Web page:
Ruins of Adventure
A succubus who fell in love with a devil.
Here’s the chant…
Once upon a time, centuries ago, a cornugon baatezu named Kas’rarlin was conducting a covert raid through the Abyss. He and his party slew most of the tanar’ri they came across, finally reaching a small tower. They beat the door down, slaughtered the defenders, and breached the last defenses to reach the heart of the tower. All that remained of the raiding party was Kas’rarlin and one other cornugon. Weary and bedraggled, they still managed to annihilate the last defenders.
Suddenly, standing before them was a vision of beauty. Chiryn, the resident of the tower and a succubus of fairly high standing, had adopted her most alluring form to appeal for mercy from the two invaders. Kas’rarlin could only stare at her in bedazzlement, while thoughts of a more sinister nature raced through the mind of his companion. When this malevolent being stepped forward to put his thoughts into actions, Kas’rarlin drove his spear through his companion’s back and into his heart. Thus began the secret tryst between baatezu and succubus, a match that should never have been.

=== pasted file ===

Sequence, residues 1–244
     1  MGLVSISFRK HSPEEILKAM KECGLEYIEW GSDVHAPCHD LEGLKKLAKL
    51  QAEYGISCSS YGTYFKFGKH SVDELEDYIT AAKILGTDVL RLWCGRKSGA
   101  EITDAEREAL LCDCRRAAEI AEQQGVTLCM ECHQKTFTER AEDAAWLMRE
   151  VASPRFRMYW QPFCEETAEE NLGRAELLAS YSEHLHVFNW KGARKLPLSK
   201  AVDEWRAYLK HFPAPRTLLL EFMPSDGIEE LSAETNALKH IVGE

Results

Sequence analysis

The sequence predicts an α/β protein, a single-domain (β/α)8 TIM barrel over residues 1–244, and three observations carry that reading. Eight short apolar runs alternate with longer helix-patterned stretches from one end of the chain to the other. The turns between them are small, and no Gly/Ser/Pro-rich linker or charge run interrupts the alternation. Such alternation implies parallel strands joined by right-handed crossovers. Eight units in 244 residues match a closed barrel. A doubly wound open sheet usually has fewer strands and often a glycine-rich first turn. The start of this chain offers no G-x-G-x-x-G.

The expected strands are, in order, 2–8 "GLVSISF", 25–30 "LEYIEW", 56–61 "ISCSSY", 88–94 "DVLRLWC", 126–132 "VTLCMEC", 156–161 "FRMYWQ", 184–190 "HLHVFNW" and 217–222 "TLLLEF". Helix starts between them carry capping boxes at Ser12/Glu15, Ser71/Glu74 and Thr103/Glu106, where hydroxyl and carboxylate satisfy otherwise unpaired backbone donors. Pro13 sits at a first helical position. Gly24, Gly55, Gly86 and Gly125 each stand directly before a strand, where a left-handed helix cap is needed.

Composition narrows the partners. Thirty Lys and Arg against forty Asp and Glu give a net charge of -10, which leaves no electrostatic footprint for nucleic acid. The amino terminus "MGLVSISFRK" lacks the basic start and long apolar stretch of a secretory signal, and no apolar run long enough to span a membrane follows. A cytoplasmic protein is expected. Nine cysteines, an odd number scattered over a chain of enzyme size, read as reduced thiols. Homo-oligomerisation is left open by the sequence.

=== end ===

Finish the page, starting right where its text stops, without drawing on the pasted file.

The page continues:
Eventually, the two realized their fundamental differences were too great to overcome. One had a need for structure and order, and betrayal came too easily to the other. Each new day, both wondered whether this day would bring their destruction – they knew from the very beginning that their relationship was forbidden. Their elders would have destroyed them both if the chant ever picked up word of this unholy marriage.
Reluctantly, the two parted, but Kas’rarlin vowed to send one letter a year to her at her home. Since the lawful baatezu can’t enter the chaos of the Abyss with impunity, he promised to make special arrangements to send the missives and told her to use the same means to return messages. Because bashers constantly pass through the Abyss, he informed Chiryn, he would use them as couriers. If she perfumed her responses with her scent, he would know the letters he received back were genuine articles.